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In criticizing UAE's plans to block BlackBerry service, U.S. government is walking a fine line

With the State Department’s criticism of the United Arab Emirates for blocking BlackBerry services, the U.S. government is left walking a fine line -– preaching for global Internet freedom at the same time that federal authorities are seeking greater powers to monitor Web users, privacy advocates say.

In a media briefing Monday, State Department spokesman P.J. Crowley said the UAE’s move to block instant messaging, e-mail and Web browsing on BlackBerry devices starting Oct. 11 would set a “dangerous precedent” for other nations to also block the flow of information to their citizens.

The UAE responded by defending its actions and pointing to similar actions by the United States and Britain to suspend certain communications services for national security purposes.

“In fact, the UAE is asking for exactly the same regulatory compliance -- and with the same principles of judicial and regulatory oversight -- that BlackBerry grants the U.S. and other governments and nothing more,” Ambassador Yousef Al Otaiba said in a statement. “Importantly, the UAE requires the same compliance as the U.S. for the very same reasons: to protect national security and to assist in law enforcement.”

U.S. authorities have increasingly sought greater ability to wiretap and access e-mail and possibly browser history of users on the grounds of law enforcement and national security concerns, privacy advocates say.

Last week, my colleague Ellen Nakashima reported that the Obama administration is seeking to make it easier for the FBI to compel companies to turn over records of an individual's Internet activity without a court order if agents deem the information relevant to a terrorism or intelligence investigation.

"The UAE is saying, 'How dare you say we are an outlier country,' and that they are no different than Western countries where people are denouncing them for this action," said Leslie Harris, president of the Center for Democracy and Technology. "The changes since 9/11 in U.S. and E.U. data retention mandates have no doubt provided an excuse and opportunity."

As reported earlier, the UAE said starting Oct. 11 that it would suspend BlackBerry services to the nation's 500,000 subscribers because the device does not comply with the country’s regulations. Through its state news service, the UAE government expressed concern that certain technologies that protect user information could hinder their national security efforts.

“We’re disappointed at the announcement,” Crowley said. “We are committed to promoting the free flow of information. We think it’s innovative. It’s integral to an innovative economy, and we will be clarifying with the UAE their reasons for making this announcement.”

Last January, Secretary of State Hillary Rodham Clinton delivered a speech condemning nations that censor the Internet. She also criticized China for forcing U.S. companies to censor Web content, a practice Google denounced. Google still operates in China, and though it does not censor information, the government recently renewed its license to operate certain Web sites.

By Cecilia Kang  |  August 3, 2010; 7:00 AM ET
 
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Comments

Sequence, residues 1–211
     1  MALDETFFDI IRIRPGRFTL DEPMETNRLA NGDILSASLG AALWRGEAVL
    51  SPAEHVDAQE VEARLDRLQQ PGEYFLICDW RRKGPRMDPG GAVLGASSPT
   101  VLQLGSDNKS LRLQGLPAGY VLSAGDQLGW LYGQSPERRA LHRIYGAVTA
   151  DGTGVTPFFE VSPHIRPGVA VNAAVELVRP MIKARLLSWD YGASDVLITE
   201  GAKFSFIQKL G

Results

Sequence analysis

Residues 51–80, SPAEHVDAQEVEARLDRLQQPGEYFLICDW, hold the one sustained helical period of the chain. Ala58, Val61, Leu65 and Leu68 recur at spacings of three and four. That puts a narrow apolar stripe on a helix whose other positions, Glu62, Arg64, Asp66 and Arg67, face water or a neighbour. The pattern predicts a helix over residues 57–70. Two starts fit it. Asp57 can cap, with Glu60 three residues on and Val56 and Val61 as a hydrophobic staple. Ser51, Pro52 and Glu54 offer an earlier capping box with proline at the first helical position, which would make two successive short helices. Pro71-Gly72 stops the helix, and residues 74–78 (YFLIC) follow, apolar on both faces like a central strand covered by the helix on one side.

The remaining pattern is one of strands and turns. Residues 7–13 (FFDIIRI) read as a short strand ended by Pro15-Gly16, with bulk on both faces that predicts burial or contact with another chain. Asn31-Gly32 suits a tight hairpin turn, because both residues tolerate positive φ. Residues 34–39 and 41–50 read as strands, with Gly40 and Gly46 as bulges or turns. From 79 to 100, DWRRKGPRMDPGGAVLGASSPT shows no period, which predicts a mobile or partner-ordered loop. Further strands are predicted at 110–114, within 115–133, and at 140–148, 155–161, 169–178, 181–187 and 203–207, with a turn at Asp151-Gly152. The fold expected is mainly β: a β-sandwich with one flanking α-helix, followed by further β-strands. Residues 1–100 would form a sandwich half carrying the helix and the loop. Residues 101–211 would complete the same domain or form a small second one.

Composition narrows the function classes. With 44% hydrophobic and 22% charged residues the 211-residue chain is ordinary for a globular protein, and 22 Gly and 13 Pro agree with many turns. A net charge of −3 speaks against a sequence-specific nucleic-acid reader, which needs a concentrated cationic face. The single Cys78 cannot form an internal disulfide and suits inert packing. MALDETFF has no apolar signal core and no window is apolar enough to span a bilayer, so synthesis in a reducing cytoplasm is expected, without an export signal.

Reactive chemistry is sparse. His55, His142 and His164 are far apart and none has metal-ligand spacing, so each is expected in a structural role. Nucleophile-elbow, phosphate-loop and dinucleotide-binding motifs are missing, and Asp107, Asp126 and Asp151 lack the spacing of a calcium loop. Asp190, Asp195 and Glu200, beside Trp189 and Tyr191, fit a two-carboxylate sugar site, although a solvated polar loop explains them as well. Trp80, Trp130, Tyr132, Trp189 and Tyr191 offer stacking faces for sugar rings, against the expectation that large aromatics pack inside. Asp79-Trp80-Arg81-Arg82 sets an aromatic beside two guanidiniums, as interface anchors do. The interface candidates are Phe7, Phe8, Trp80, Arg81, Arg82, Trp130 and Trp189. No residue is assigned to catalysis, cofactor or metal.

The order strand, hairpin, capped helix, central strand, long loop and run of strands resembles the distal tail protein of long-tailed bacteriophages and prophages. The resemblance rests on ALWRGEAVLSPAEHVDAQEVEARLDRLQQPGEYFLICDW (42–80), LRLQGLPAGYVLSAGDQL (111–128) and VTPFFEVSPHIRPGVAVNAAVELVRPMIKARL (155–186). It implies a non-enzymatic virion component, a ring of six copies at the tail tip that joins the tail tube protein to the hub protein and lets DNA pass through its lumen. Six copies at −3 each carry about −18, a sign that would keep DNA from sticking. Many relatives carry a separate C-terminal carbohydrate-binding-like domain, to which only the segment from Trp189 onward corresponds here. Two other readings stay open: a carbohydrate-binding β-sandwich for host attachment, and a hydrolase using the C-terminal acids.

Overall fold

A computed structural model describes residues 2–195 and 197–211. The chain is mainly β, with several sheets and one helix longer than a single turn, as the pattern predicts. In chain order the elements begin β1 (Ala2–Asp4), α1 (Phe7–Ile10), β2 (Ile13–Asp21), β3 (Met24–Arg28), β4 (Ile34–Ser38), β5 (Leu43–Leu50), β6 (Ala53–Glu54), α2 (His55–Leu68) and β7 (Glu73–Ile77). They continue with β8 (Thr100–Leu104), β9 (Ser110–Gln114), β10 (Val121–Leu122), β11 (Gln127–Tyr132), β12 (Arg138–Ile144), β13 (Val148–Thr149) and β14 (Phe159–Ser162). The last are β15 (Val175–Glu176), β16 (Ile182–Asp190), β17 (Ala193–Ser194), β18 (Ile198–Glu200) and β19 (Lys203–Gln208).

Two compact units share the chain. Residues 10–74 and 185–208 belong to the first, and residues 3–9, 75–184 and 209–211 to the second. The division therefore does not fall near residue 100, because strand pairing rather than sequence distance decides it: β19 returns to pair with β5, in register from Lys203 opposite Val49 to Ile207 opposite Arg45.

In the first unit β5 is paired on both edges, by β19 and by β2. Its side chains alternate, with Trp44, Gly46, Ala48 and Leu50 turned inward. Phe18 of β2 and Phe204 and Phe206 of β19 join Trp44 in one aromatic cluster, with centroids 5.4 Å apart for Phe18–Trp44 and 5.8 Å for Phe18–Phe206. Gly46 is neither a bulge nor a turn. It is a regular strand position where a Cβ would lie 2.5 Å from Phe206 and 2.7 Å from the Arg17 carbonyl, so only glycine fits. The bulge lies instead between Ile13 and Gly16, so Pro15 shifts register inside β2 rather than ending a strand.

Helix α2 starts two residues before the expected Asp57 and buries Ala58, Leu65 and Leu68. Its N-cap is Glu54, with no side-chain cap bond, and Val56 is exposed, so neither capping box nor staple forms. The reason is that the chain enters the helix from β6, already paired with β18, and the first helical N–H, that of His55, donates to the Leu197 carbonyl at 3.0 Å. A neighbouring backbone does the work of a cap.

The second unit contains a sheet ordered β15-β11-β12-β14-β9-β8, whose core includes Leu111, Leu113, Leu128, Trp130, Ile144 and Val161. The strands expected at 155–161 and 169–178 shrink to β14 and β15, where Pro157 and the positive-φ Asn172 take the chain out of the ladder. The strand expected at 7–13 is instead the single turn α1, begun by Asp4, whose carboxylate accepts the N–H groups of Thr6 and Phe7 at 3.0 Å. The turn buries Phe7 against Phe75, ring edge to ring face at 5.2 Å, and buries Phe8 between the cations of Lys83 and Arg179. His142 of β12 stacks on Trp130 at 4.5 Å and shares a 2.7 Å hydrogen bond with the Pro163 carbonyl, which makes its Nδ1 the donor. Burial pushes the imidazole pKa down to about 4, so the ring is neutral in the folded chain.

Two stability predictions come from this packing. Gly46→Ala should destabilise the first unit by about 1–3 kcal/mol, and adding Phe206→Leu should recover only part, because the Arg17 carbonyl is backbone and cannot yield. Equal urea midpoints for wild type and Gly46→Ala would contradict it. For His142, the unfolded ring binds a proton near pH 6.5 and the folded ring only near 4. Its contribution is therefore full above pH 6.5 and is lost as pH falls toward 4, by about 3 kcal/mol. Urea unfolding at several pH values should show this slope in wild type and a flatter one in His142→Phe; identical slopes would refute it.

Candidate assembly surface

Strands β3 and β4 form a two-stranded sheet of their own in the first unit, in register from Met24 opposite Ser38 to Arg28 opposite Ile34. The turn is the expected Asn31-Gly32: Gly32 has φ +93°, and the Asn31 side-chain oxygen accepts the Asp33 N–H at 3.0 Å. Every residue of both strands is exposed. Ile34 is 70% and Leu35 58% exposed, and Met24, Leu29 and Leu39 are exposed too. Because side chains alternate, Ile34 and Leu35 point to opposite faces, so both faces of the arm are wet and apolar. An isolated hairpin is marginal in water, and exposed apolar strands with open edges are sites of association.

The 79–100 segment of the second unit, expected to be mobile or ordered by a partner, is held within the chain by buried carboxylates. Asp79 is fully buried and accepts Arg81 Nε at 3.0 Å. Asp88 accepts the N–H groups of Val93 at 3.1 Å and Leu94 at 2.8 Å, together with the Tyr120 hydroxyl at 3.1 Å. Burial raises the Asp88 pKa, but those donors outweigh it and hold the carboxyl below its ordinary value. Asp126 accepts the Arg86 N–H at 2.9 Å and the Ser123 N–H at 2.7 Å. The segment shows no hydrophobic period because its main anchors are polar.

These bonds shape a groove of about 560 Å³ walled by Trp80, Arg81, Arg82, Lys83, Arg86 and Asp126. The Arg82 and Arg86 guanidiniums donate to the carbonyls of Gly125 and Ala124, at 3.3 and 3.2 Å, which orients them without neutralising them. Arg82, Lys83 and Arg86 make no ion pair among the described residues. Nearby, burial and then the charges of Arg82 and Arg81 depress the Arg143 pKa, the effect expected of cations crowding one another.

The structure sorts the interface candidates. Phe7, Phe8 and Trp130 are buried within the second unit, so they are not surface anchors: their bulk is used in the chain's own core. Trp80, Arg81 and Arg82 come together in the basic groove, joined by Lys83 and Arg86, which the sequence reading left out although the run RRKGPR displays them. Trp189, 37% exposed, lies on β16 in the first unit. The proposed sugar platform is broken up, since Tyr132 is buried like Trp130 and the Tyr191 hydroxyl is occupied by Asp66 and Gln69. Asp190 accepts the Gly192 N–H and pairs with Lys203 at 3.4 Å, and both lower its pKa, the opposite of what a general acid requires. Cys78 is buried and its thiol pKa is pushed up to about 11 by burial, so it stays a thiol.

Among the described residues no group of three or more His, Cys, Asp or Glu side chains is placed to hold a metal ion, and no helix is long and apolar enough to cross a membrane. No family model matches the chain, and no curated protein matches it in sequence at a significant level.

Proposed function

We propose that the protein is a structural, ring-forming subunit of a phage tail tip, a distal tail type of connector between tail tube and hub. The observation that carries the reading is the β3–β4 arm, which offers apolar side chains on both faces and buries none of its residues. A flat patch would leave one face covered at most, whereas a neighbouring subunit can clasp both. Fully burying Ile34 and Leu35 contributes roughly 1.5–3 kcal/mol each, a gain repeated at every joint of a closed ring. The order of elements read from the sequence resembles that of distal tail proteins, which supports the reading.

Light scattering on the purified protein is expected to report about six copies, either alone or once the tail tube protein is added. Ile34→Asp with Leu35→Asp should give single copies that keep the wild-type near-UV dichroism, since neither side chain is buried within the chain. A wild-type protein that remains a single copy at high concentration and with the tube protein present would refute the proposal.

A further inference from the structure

A big security hole for sure. Pair this with a huge potential for breach through younger workers' use of social networking sites, and their casual attitude regarding data, asset, and enterprise security, and there’s a real recipe for disaster. Google to a free blog, "The Business-Technology Weave" - it has some great info on security, culture, etc. That author also has a great book, "I.T. WARS." Security should be kept front and center. We assign parts of that book for new employee orientation where I work. Please keep security front and center.

Posted by: janice33rpm | August 3, 2010 10:15 AM | Report abuse

Give me a break. The Obama administration is "seeking" to give the FBI easier access to internet records. And there's a large part of the U.S. electorate working to deny him his goal. The UAE is BANNING Blackberry use. Neither the U.S. nor Britain bans Blackberry's or browsing. If we fail to see the difference, or concede to these demands, we willingly make ourselves slaves to the lowest common denominator of rights-violating, women-hating dictatorships. Who have a lot of oil.

Posted by: LynnBecker | August 3, 2010 10:20 AM | Report abuse

it is thier internal law please don't interfere

Posted by: fariborzzak | August 3, 2010 10:24 AM | Report abuse

Leave it to the sociopath in the White House to spout something like this. In the mean time he's seeking to give the FBI more powers, power to access your internet usage. Talk about a two bit hack. It the infamous words of Obama. The White House acted stup1dly……... IMPEACH OBAMA!!!!!!!!!!!!!!!!!!!!!!

Posted by: askgees | August 3, 2010 11:33 AM | Report abuse

Certainly it's their internal law. Just don't expect global businesses to help fill up all those new empty skyscrapers when you prohibit them from using the devices they're all dependent on.

Posted by: LynnBecker | August 3, 2010 11:50 AM | Report abuse

Someone has to set the tyrants straight.

Posted by: KraftPaper | August 3, 2010 1:36 PM | Report abuse

State better be worried - half their staff at the Embassy in the UAE uses blackberries...

Posted by: silencedogoodreturns | August 3, 2010 3:51 PM | Report abuse

The Arabs have a point: In a slightly hazier kind of way, we're doing the exact same thing. Of course, the Gulf folks are a little more primitive politically and socially, but the principle applies.

Posted by: CopyKinetics | August 3, 2010 11:47 PM | Report abuse

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